WASHINGTON (Aug. 5)
The Federal Election Commission’s lawsuit against the Christian Coalition represents the kind of legal jam Jewish political advocacy groups have been careful to avoid.
The FEC is accusing the nation’s largest group of religious conservatives of violating federal election law by promoting various Republican candidates in each national election since 1990.
The civil suit filed here in U.S. District Court charged that the Christian Coalition’s non-partisan posture was bogus and that it illegally promoted the election of Republican candidates through voter guides and efforts to identify GOP voters and get them to the polls.
Some tax-exempt Jewish groups also distribute materials during election years to help inform voters about candidates and issues.
But in accordance with federal law for tax-exempt organizations, Jewish officials say they are scrupulously non-partisan.
“We are very careful not to do anything that might be construed as endorsing a candidate for political office,” said Richard Foltin, legislative director and counsel for the American Jewish Committee.
Still, there has been a temptation, some in the Jewish community note, to speak out about specific candidates, particularly during a presidential election year.
“It’s not always easy to resist that temptation, particularly when your ideological opponents appear to be doing so with impunity,” said Marc Stern, director of the legal department of the American Jewish Congress.
Now that the FEC appears to be cracking down on the Christian Coalition, Jewish officials say the lawsuit confirms what has always been clear: Tax-exempt groups are precluded from taking sides in electoral politics.
They are not, however, precluded from creating an informed electorate, and to that end, a number of Jewish groups engage in political education activities.
The National Jewish Community Relations Advisory Council carefully lays out the rules for such activity in a political education guide it publishes. The guide states that “any activity that has the hint of partisanship must be avoided.”
The NJCRAC guide, for example, encourages communities to hold educational forums with candidates, but stresses the necessity of inviting all declared contestants to participate.
In another example of Jewish voter education efforts, the AJCongress distributes questionnaires in various regions of the country outlining candidates’ positions. The issues are deliberately selected to reflect an array of concerns and the questionnaires offer no judgments.
The Christian Coalition’s voter guides, in contrast, “don’t really leave much doubt about how people should vote,” Stern said.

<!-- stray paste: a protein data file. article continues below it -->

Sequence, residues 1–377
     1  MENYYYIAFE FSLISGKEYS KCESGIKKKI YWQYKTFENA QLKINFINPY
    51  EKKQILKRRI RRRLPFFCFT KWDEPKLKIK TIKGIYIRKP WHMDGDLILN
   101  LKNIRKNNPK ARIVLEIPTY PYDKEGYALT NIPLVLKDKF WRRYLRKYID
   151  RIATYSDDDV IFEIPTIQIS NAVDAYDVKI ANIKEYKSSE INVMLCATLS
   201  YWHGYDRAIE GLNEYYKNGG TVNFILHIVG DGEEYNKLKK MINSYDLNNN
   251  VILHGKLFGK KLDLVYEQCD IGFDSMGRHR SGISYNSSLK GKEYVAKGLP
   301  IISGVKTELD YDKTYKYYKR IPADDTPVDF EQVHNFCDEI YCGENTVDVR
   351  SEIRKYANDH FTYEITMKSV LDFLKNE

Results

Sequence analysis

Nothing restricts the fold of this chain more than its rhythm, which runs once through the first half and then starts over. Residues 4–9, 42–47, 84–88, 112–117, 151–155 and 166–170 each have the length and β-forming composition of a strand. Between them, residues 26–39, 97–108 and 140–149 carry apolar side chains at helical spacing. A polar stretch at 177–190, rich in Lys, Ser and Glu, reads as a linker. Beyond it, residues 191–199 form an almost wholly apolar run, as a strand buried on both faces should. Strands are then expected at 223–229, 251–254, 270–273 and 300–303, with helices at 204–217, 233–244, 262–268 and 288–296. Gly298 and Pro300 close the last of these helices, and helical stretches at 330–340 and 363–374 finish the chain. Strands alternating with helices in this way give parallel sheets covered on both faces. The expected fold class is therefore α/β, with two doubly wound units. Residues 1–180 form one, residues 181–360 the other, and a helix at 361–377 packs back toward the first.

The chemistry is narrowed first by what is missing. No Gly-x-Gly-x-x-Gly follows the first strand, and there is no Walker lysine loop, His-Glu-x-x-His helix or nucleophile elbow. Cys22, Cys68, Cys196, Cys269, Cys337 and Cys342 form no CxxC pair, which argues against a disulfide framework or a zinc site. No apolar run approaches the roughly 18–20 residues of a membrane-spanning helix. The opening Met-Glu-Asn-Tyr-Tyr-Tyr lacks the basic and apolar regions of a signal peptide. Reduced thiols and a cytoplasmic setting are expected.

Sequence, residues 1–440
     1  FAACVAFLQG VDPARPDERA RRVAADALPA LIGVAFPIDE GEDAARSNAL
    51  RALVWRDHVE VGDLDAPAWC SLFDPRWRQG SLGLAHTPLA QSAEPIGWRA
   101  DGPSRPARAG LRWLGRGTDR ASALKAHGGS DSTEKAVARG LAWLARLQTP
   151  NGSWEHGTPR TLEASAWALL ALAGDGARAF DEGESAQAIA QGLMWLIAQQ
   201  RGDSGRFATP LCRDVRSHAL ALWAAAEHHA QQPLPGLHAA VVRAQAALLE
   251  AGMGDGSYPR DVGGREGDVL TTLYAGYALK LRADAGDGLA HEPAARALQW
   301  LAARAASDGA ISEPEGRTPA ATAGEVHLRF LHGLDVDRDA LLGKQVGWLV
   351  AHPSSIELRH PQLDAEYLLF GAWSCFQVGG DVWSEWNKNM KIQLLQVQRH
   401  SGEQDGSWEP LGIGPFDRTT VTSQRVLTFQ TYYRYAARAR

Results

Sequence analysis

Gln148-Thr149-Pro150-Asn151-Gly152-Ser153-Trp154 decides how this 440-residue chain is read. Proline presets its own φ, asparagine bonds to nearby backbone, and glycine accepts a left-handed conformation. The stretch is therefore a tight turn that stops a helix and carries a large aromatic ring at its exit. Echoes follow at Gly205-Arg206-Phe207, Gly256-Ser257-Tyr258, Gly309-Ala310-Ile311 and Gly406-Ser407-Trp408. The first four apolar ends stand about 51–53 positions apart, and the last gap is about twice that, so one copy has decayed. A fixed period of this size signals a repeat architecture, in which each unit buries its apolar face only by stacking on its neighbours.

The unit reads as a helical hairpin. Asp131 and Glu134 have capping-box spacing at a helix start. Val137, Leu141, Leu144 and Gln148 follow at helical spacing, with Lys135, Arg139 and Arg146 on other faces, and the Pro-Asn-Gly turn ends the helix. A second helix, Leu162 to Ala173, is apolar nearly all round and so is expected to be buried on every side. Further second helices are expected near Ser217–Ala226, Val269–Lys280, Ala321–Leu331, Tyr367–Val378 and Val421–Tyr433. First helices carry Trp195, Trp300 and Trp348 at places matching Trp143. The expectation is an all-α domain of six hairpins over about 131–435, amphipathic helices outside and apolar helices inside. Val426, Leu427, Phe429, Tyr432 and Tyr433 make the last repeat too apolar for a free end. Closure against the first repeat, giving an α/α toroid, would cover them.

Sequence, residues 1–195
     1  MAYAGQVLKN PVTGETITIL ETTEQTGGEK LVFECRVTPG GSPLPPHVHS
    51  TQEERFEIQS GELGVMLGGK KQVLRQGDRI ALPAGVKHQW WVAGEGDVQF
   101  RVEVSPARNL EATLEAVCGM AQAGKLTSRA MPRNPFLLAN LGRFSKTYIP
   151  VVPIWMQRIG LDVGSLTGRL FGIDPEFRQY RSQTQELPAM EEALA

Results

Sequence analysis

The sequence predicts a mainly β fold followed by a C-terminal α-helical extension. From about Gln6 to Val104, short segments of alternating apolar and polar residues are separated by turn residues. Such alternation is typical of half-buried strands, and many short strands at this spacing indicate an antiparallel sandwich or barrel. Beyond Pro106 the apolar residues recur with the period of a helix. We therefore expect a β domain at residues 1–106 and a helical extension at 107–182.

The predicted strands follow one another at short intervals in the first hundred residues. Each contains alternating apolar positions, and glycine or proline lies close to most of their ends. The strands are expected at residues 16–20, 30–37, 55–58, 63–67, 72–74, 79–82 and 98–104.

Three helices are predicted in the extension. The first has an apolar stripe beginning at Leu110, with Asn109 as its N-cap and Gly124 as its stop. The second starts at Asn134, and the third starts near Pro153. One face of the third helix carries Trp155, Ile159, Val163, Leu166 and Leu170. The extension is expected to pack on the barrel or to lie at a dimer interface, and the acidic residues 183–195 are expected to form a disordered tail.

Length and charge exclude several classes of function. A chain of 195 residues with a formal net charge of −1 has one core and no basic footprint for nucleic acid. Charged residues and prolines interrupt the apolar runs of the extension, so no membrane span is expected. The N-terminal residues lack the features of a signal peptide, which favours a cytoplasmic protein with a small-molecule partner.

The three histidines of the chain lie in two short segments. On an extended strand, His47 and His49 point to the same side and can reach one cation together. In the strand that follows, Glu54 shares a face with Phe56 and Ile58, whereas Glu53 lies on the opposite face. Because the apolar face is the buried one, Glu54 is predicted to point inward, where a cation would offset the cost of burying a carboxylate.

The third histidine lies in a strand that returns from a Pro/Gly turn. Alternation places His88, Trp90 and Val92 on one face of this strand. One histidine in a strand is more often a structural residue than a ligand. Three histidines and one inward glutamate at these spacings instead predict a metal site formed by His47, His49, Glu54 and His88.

This year, the Christian Coalition plans to distribute 45 million voter guides to 100,000 churches across the country — a project it has undertaken in past electoral campaigns.
In its suit, the FEC cited a 1994 mailing packet the Christian Coalition sent out titled “Reclaim America,” which included a scorecard rating congressional candidates.
The suit says: “The cover letter, signed by Pat Robertson, asserted that the enclosed scorecard would be an important tool for affecting the outcome of the upcoming elections. It stated: `This scorecard will give America’s Christian voters the facts they will need to distinguish between good and misguided congressmen.'”
The Christian Coalition has denied any wrongdoing.
Ralph Reed, the group’s executive director, said in a statement, “We are absolutely and totally confident that we will be fully vindicated and the courts will affirm that people of faith have every right to be involved as citizens and voters.”
The Supreme Court may end up deciding that question.
For their part, Jewish groups are well acquainted with the limitations on political involvement.
The AJCommittee and the Anti-Defamation League were both named in an FEC complaint during the early 1990s concerning a publication they distributed about the presidential candidacy of Lyndon LaRouche.
The FEC said the publication indicated a position on LaRouche’s candidacy, but it later dropped the complaint.
The American Israel Public Affairs Committee was also involved in an FEC lawsuit in 1989. The suit charged that the pro-Israel lobby coordinated congressional campaign contributions made by various pro-Israel political action committees. The FEC later cleared AIPAC of any charges.
Mindful of the tax code’s clear prohibition against partisan activity, Jewish groups have had to exercise great restraint in steering clear of partisan politicking.
Jewish officials, for example, have found themselves constrained from commenting publicly about the candidacy of David Duke, a former Ku Klux Klan member who espouses anti-Semitic views. During election seasons, Jewish groups have been limited to speaking out against a candidate’s anti-Semitism, but not about the qualifications of a specific candidate.
“There’s a frustration level,” said Karen Senter, NJCRAC’s co-director for domestic concerns. “There have been situations where we have been concerned about political activity and have had discussions where we have had to remind people that, like it or not, we simply cannot do this, it’s not legal.”
For those in the Jewish community who have pointed to the Christian Coalition’s partisan activities and asked why the Jewish community is not doing the same thing, Stern said the FEC lawsuit “is a pretty good answer to that question.”